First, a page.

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Old 12-22-2014, 09:10 PM   #1
Mattsbay18
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Default Carboy question

I'm new to brewing so I bought a Brewers Best deluxe kit complete with glass carboy thinking that I would use it for my main fermenting vessel.

My questions;
1) is a 5 gallon carboy big enough for primary fermentation?

2) should I stick with fermenting in the 6.5 gal bucket or upgrade to larger carboy?

3) or should I transfer my beer to the 5 gallon carboy after a few days in the primary fermenting bucket?

Thanks in advance for your help,
Matt

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Old 12-22-2014, 09:23 PM   #2
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1) A 5-gallon carboy is too small for primary fermentation of batches larger than 4 gallons or so. I like a gallon of headspace for fermentation, unless I use Fermcap to suppress foaming, in which case I can leave a half-gallon of headspace.

2) I would stick with the bucket since you already have it, although I prefer carboys. 6-6.5 gallons is good for primary.

3) I, and many other homebrewers, do not transfer our beer to a secondary fermenter unless adding fruit or extended aging. I would recommend letting the beer sit in the primary for 2-4 weeks and then package for consumption, unless you are aging it or putting it on fruit, then transfer to the 5 gallon carboy. If you do want to transfer your batches to the 5 gallon carboy for secondary 'fermentation' (no fermentation occurs unless sugars are added), I would give a minimum of 2 weeks in the primary before transferring for ales.

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Old 12-22-2014, 09:27 PM   #3
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First, welcome to brewing. Second, opinions vary on the bucket-vs-carboy, to-secondary-or-not, etc. My 2 cents, though:
1- Not for a 5 gallon batch. You need headspace for the beauty of fermentation to take place (e.g. krausen).
2- I have a >5 gallon better bottle, and 3 6.5 gallon buckets. I like the ability to clean the buckets easily, and that they are generally (for me) easier to move around. And if one gets banged up, who doesn't need an extra work bucket around?
3- Depending on what you're brewing, the need to rack to a secondary vessel is debatable. Brewing a giant RIS? Sure, you want that guy to age off the yeast cake (and likely want that fermentor). I generally don't transfer to a brite/secondary vessel unless I am planning (or just want the option) to bulk age for an extended period, or am adding a lot of things post-fermentation.

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Old 12-22-2014, 09:53 PM   #4
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Thanks for your responses. I'm excited to get started. Brewing has been something I've been wanting to do for a long time.

1) As I learn more about the brewing process, the more I'm learning about what can wreck a batch of beer. I guess I'm worrying too much about possible oxidization when fermenting in a bucket. To me, the bucket doesn't sound like it would be as good as the glass carboy at keeping oxygen out. Am I reading too much into oxidization?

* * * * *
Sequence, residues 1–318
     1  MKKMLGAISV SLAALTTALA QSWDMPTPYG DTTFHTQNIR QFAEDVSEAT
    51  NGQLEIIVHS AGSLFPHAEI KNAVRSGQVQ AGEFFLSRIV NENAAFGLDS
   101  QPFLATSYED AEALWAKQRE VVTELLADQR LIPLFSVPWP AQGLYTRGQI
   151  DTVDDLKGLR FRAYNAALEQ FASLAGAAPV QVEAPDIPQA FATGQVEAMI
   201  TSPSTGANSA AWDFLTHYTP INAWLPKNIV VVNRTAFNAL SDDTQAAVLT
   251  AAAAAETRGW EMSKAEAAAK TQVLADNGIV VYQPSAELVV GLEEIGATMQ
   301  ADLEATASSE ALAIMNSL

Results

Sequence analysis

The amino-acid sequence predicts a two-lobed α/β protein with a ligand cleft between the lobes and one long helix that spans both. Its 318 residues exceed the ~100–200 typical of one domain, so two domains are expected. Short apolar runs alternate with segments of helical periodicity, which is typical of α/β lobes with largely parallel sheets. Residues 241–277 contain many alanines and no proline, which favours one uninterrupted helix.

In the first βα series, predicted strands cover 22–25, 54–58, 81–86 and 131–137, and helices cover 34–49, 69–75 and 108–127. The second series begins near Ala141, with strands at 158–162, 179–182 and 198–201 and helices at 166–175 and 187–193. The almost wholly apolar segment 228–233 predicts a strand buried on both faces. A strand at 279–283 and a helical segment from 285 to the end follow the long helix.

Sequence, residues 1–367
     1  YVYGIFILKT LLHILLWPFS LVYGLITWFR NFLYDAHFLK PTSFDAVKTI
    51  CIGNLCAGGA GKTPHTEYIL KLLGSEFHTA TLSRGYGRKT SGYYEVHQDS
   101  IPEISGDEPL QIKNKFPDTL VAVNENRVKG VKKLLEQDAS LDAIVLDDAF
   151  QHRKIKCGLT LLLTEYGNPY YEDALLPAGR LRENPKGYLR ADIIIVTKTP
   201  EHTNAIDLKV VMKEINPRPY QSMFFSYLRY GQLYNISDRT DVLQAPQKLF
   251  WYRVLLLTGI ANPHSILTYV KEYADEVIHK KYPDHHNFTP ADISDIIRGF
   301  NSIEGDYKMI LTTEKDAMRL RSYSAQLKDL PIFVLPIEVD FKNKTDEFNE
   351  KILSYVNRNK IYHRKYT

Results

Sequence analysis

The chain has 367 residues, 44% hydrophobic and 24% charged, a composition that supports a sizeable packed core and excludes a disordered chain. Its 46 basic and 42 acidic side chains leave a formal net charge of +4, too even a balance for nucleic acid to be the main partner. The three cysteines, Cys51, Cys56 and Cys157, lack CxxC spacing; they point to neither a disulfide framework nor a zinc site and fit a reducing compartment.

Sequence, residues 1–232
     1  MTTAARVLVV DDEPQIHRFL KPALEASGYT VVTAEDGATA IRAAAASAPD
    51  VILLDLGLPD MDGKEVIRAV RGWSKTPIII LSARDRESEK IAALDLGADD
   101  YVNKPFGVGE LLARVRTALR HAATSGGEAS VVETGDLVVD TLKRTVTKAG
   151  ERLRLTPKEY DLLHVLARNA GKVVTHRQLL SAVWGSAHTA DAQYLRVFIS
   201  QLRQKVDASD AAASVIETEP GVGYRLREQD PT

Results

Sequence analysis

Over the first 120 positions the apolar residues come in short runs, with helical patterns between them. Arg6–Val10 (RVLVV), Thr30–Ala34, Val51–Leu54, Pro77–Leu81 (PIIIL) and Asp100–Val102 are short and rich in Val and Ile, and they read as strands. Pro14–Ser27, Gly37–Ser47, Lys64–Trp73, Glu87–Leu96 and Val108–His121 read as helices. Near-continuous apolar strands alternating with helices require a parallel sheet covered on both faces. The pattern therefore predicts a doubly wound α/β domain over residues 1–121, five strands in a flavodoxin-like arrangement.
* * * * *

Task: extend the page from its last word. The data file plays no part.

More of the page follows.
2) When cleaning your buckets, are you worried about bacteria getting caught in between scratches? How do you clean your buckets?

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Old 12-22-2014, 10:06 PM   #5
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Quote:
Originally Posted by Mattsbay18 View Post
Thanks for your responses. I'm excited to get started. Brewing has been something I've been wanting to do for a long time.

1) As I learn more about the brewing process, the more I'm learning about what can wreck a batch of beer. I guess I'm worrying too much about possible oxidization when fermenting in a bucket. To me, the bucket doesn't sound like it would be as good as the glass carboy at keeping oxygen out. Am I reading too much into oxidization?

2) When cleaning your buckets, are you worried about bacteria getting caught in between scratches? How do you clean your buckets?
1) HDPE does have a higher permeability, but shouldn't make any difference unless you are aging for a very long time (years I think).

2) Don't scrub your buckets with anything that will scratch them. I would soak in PBW or oxy-clean free (don't get the scented stuff) and spray out. You can wipe down with a sponge, or just shake vigorously for the carboy (be careful with the glass, I only use plastic because I can be clumsy at times and don't want to risk cutting myself).

My typical cleaning routine is soak in PBW solution for several hours, shake with top on, rinse with warm water several times, and let air dry upside down. Then just rinse and sanitize next brew session. Just make sure you clean your fermenters right after you empty them.

I have carboys and have never scrubbed them, so I have no scratches. If I had a scratch, I would clean really well and use until I had an issue with contamination. Best strategy is to not get any scratches on the interior if you can help it.
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Old 12-23-2014, 01:22 AM   #6
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Thanks for the info on cleaning and sanitizing. I will stick with the buckets for now. I'll upgrade when I start perfecting the craft

Cheers

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